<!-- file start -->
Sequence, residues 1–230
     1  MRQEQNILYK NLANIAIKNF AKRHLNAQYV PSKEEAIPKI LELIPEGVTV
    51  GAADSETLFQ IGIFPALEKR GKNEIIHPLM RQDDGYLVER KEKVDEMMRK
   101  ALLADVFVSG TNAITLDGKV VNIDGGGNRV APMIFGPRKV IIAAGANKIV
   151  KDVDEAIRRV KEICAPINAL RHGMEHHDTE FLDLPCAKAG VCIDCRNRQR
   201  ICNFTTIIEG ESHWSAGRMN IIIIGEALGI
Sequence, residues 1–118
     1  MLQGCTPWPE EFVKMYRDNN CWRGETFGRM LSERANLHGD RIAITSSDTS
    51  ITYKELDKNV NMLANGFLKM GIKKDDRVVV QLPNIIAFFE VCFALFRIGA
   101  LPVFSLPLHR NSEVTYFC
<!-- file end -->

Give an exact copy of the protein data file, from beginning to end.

Sequence, residues 1–230
     1  MRQEQNILYK NLANIAIKNF AKRHLNAQYV PSKEEAIPKI LELIPEGVTV
    51  GAADSETLFQ IGIFPALEKR GKNEIIHPLM RQDDGYLVER KEKVDEMMRK
   101  ALLADVFVSG TNAITLDGKV VNIDGGGNRV APMIFGPRKV IIAAGANKIV
   151  KDVDEAIRRV KEICAPINAL RHGMEHHDTE FLDLPCAKAG VCIDCRNRQR
   201  ICNFTTIIEG ESHWSAGRMN IIIIGEALGI
Sequence, residues 1–118
     1  MLQGCTPWPE EFVKMYRDNN CWRGETFGRM LSERANLHGD RIAITSSDTS
    51  ITYKELDKNV NMLANGFLKM GIKKDDRVVV QLPNIIAFFE VCFALFRIGA
   101  LPVFSLPLHR NSEVTYFC